Spore Grows on to Facebook
Electronic Arts is taking yet another step into the social realm this week with a brand new Facebook title, Spore Islands, developed by the EA studio, Maxis. Already, we have seen the efforts the console developer has put into social games, virtual goods, and so on through miscellaneous social features in a handful of its mainstream titles, virtual goods transactions, and freemium play. Now, such lessons are being applied to its Spore universe.
Spore, the PC game, not the Facebook app, already has social elements, allowing users to connect to other players’ universes and incorporate their races into your worlds. This, in turn, would allow interaction with the different player species based on how each race was evolved, and it is this same concept that hinges together Spore Islands, except the Facebook app has a much more social focus.
Players begin by selecting the type of environment their island should be, followed by a simple creature creation screen that allows them to pick a different physical attributes such as mouth, eyes, body, legs, etc. Sadly, the level of customization is nowhere near as enticing as the full game, but it’s still not too bad, all things considered.
Each physical feature also has survival attributes associated with it such as ferocity, speed, stamina, and so one. This makes the player choices a little deeper as the best looking creation may not be the most efficient one when it comes to Darwinism.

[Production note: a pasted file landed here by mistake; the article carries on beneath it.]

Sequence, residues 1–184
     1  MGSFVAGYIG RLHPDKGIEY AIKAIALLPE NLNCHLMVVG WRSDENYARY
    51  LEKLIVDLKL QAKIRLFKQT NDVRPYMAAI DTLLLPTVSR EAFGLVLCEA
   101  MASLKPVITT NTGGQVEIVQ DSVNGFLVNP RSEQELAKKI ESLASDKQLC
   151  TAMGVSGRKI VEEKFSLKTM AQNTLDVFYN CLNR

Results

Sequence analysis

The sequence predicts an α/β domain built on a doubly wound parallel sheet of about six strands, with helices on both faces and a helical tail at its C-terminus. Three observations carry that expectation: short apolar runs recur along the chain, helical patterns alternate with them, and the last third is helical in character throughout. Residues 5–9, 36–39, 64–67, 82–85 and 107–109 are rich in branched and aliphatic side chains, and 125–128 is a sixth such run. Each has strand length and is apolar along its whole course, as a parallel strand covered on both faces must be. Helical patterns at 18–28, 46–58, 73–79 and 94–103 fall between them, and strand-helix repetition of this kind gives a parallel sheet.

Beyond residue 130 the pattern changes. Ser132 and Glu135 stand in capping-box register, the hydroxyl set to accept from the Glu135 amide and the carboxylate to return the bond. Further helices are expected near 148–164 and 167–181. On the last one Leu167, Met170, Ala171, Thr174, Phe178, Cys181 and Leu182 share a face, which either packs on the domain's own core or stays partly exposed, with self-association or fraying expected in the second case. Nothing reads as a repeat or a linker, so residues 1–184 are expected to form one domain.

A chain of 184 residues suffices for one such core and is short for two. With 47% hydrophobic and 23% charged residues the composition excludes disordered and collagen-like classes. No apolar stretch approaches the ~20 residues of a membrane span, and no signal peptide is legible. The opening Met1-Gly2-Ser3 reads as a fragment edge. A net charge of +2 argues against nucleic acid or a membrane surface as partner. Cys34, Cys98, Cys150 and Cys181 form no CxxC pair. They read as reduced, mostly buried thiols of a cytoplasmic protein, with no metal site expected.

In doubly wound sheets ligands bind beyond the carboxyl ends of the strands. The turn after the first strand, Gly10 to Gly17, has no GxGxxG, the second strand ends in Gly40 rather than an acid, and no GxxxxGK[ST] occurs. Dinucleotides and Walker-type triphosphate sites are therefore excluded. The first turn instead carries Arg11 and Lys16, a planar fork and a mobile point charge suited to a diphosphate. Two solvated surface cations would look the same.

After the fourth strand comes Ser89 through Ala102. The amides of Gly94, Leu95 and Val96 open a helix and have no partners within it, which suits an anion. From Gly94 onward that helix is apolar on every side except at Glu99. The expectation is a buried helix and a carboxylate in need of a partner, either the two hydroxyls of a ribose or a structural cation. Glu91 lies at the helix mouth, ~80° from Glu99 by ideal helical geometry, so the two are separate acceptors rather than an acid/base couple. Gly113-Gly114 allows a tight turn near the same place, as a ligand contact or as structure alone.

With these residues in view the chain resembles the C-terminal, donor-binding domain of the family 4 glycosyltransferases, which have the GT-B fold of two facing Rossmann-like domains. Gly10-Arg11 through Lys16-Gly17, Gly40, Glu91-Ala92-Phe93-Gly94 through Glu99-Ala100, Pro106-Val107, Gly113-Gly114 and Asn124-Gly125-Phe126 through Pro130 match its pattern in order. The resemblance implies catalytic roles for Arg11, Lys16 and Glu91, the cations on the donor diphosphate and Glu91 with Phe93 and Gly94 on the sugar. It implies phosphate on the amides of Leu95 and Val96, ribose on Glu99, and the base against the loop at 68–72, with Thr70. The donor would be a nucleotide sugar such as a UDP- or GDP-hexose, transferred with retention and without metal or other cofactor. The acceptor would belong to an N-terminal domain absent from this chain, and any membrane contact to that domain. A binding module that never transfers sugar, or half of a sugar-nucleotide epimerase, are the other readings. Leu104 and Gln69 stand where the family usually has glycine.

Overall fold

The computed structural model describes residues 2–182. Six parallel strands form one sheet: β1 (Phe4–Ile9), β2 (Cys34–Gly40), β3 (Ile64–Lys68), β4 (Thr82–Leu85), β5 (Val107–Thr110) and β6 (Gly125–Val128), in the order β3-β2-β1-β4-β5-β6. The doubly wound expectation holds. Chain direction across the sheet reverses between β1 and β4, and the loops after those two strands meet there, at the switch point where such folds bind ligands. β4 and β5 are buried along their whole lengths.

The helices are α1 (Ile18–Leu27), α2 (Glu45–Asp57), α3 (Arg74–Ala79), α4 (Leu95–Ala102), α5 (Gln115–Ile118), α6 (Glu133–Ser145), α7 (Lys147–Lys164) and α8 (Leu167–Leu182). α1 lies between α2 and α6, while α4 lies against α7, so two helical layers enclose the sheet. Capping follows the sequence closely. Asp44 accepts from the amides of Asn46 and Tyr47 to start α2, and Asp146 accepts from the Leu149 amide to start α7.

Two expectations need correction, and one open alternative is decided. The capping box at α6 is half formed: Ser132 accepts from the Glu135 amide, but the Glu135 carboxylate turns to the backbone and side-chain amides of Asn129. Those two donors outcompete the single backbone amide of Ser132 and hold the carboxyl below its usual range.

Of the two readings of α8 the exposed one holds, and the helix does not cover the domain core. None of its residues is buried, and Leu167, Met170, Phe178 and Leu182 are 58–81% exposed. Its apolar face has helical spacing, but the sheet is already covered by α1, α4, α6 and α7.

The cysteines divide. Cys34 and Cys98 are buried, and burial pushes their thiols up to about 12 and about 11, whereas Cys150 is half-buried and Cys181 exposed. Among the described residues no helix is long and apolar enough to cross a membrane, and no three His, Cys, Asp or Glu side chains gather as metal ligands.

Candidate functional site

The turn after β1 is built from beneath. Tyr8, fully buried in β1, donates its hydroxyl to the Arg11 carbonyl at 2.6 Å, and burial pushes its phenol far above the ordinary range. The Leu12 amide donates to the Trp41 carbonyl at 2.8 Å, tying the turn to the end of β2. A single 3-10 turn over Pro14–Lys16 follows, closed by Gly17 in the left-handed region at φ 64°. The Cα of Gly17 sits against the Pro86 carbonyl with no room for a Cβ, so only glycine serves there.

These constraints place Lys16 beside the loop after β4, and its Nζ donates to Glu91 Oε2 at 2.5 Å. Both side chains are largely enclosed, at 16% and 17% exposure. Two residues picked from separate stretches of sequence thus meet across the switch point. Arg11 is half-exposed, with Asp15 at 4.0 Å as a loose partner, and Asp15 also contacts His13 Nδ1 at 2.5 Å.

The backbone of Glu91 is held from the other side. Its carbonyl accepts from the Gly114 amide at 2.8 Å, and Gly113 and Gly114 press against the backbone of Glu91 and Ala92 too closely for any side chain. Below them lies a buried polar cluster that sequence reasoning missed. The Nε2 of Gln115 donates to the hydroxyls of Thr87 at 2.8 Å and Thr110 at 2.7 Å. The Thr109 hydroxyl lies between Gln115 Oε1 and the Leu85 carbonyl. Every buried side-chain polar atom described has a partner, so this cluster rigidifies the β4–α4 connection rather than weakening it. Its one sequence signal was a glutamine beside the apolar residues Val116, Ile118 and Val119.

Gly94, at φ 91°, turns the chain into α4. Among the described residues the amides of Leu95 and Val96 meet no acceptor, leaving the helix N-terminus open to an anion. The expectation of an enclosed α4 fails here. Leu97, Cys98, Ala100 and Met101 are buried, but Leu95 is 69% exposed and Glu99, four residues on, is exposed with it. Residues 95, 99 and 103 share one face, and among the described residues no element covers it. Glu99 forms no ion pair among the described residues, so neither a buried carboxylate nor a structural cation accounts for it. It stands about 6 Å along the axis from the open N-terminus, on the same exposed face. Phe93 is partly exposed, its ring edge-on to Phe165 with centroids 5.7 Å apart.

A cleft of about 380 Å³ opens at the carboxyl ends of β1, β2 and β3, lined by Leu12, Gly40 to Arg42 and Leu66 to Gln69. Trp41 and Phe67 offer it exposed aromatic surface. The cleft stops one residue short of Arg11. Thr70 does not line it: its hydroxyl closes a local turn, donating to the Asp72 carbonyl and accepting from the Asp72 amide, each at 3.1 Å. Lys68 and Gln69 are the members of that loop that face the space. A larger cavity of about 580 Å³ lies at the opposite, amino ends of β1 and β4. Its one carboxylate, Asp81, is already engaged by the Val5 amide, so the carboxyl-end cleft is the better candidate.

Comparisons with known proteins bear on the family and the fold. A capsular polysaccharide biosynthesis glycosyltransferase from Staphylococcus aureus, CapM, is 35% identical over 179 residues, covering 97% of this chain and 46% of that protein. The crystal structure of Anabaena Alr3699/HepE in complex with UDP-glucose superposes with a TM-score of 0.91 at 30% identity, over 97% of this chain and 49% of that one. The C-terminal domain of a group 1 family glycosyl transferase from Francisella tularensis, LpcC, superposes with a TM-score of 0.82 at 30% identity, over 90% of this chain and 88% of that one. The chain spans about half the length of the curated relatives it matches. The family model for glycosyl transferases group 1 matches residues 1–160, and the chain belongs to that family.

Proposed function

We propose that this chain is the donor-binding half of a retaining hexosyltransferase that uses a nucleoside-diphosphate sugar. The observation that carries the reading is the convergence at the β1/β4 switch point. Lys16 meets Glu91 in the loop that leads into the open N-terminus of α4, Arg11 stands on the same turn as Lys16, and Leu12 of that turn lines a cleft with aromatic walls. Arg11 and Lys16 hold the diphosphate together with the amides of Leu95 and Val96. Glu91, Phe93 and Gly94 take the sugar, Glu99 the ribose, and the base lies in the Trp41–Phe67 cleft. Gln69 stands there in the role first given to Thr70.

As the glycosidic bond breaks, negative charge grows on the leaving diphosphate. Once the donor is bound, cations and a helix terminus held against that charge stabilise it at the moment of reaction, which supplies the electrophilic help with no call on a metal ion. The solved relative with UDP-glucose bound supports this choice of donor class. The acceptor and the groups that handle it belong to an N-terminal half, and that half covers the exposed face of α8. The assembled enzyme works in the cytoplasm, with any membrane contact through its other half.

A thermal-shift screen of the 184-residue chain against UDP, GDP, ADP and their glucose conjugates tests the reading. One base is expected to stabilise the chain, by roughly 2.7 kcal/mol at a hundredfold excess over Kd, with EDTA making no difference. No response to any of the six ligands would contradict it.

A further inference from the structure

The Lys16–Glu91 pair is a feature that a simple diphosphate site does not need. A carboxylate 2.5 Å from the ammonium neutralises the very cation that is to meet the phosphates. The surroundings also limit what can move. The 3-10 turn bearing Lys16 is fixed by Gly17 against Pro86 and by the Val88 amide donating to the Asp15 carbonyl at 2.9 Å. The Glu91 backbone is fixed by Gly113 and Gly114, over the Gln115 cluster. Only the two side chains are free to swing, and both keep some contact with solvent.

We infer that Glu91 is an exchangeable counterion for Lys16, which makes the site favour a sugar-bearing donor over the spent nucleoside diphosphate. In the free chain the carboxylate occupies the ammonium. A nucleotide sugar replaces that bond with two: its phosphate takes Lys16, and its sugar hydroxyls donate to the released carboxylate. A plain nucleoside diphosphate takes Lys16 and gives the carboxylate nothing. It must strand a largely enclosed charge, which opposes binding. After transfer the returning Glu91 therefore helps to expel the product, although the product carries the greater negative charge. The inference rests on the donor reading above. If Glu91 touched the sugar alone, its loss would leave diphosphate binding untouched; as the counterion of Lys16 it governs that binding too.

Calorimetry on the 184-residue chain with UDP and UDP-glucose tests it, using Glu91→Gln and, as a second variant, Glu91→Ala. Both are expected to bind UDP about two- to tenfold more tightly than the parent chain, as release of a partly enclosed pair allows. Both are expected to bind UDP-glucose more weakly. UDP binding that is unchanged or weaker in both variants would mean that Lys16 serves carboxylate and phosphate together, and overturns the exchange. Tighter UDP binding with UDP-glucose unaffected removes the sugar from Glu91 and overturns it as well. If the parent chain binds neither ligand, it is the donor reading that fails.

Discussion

Once a creature is born, it appears along with two other, randomly generated, “wild” creatures, and the evolution game begins. The primary currency in Spore Islands is, well, DNA (which is generated passively every couple of hours, but is also purchasable). By clicking on the “Evolve” button, players can redistribute a creature’s statistics to make it faster, sturdier, add abilities, and more. In order to discover just what stats are needed, there is actually a feature that allows you to observe how your island’s residents interact.
This view actually works like a science observation, putting the player in a top down view that automatically plays out all the happenings on your island. From here, you can see how long your creature lives, how many times it gives birth, how it hunts, and so on. Each time you observe, you earn points that can be used to open new creature slots so you can make more creations, as well as move yourself up in the leaderboards.
As is to be expected of Maxis games (they are the developers behind The Sims, after all), Spore Islands really is a nice and well made app. If there is any one complaint, it is that the customization was one of the most fun elements in the original game. Nonetheless, Maxis does do their best to circumvent the limitation by adding a few new concepts such as nifty hats and animations (at the cost of DNA), in an attempt to create greater personalization.
It remains to be seen if users will want to play this lighter version of the PC game. As with any social game, the challenge now is to continue improving the game based on how users respond to it.